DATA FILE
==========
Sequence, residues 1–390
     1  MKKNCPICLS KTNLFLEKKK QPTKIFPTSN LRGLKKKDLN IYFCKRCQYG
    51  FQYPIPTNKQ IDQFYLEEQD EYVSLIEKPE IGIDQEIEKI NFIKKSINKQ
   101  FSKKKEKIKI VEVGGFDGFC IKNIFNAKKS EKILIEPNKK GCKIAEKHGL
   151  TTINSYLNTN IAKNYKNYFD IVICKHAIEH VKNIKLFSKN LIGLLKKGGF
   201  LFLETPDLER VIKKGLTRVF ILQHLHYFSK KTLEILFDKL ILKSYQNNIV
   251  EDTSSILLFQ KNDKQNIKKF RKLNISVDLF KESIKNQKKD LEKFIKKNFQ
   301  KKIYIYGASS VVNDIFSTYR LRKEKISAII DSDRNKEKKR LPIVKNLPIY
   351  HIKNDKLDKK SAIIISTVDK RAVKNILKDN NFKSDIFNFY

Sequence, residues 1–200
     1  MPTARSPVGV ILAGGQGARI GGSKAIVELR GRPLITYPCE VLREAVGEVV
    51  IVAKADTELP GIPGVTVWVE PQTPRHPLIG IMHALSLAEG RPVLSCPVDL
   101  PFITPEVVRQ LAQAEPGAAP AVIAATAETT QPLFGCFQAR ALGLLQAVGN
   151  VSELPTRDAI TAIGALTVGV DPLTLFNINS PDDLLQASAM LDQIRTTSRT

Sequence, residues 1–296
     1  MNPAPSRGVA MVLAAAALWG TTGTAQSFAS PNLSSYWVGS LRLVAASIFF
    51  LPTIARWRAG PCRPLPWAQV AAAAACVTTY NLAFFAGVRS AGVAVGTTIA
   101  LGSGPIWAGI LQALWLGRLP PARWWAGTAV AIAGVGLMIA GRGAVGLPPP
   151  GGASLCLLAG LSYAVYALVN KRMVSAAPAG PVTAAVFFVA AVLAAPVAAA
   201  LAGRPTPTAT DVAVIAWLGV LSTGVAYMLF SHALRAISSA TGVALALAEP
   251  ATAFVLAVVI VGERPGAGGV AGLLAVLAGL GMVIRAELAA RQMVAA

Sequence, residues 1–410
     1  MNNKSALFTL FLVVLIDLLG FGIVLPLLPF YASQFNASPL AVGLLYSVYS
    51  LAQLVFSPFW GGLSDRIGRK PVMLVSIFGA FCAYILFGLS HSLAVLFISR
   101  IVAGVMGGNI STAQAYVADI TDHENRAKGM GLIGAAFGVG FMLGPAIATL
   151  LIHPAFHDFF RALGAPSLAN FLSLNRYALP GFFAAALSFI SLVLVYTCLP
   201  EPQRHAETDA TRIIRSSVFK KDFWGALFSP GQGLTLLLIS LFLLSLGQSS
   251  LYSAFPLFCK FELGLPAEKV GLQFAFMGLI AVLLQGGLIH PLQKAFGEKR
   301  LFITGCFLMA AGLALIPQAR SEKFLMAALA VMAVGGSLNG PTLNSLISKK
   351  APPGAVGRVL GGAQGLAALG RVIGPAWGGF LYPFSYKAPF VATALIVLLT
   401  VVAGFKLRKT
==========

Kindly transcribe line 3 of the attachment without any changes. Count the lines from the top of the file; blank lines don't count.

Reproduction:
    51  FQYPIPTNKQ IDQFYLEEQD EYVSLIEKPE IGIDQEIEKI NFIKKSINKQ